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Anti-Smoking Sites Transcript
On January 11, 1964 Surgeon General Luther Terry released the first report on the harmful effects of cigarette smoking. Thirty-six years later, here are some of the basic facts:
First–80% of all smokers become addicted to cigarettes before they turn 18.
Second–Smoking kills 1,000 Americans each day.
Now, you don’t need a degree in advanced math to tell you that the tobacco companies need 800 teenagers a day to begin smoking–just in order to replace the smokers who are dying.
If you are a parent or other concerned adult, and you wonder how to do what you can to ensure that your child can brave the barrage of advertising and the weight of the pressure exerted by his or her peers in order to remain “smoke-free,” then log onto the Internet and check out some of these resources (so that you can recommend them to your children).
At the Campaign for Tobacco-Free Kids site, you can search an ABC’s of smoking to find out how smoking contributes to everything from allergies, to impotence, to wrinkles. This site is definitely not for the faint of stomach. The ABCs include a number of graphic photographs of smokers’ arteries, hearts, lungs and brains–showing clear evidence of how smoking pollutes the body.
Eduzone’s site features a discussion of how the tobacco companies entice young people to smoke by using images of youth, wealth, and glamour. Here you will also find a set of guidelines for parents to use when talking to their children about smoking. (It’s especially good at getting to the reality of how the seductiveness of the ads–a persuasive tack to take with teenagers who may be sensitive to being maniuplated.)
But if you or your children only visit one anti-smoking site, make sure you send them to the TRUTH site, sponsored by Florida’s Students Working Against Tobacco (or SWAT). Designed for teens, by teens, this site has an MTV-style appeal. TRUTH was created with funds from Florida’s 1997 $13 billion settlement with the tobacco industry.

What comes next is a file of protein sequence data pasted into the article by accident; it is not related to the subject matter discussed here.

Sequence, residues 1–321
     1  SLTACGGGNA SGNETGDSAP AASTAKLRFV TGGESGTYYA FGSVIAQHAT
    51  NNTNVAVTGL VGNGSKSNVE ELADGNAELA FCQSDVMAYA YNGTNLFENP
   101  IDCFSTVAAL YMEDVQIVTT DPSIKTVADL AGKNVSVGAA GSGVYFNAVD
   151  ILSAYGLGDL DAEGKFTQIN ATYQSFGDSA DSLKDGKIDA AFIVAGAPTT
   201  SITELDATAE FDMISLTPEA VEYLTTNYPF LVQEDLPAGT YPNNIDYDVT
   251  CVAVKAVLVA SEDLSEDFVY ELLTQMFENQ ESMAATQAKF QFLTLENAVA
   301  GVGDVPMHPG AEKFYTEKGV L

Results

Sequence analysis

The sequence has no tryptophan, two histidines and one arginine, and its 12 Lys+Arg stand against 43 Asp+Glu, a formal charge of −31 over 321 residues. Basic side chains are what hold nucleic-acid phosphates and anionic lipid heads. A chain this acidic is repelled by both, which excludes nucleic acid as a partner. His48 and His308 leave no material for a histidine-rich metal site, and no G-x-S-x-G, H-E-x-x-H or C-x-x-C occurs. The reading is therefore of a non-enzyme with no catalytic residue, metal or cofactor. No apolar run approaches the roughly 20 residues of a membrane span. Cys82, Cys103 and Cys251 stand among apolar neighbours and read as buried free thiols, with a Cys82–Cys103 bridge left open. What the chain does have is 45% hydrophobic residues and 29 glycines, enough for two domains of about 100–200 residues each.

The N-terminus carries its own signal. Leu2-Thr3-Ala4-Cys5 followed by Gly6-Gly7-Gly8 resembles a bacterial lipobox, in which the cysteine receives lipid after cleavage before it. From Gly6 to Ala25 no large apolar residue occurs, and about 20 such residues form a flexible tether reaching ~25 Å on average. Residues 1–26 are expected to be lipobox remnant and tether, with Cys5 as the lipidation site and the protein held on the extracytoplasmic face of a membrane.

You may have read about TRUTH’s series of anti-smoking ads. These ads are both controversial and effective and you can watch them online.
My personal favorite is an ad called the “Demon Awards.” This spot parodies a Hollywood awards show that features the “Most deaths caused this year” category, with the nominees of illicit drugs, smoking, and suicide. As you may have guessed, the demon who represents smoking “wins” the award for the ninth consecutive time–ironically, to the cheers of the crowd.
If these ads give you the shivers, they are meant to–so will the counter on the site that tells you how many teens started smoking this year. When I visited recently, that counter read more than two million.
And for a little comic relief, don’t leave the TRUTH site without checking out “Screaming Mimi.” Mimi is an irrepressible little animated girl, who screams “murderer!” at the adult who smokes while standing next to her. I found myself silently cheering Mimi on as she refuses to stand still and silent in someone else’s cloud of smoke.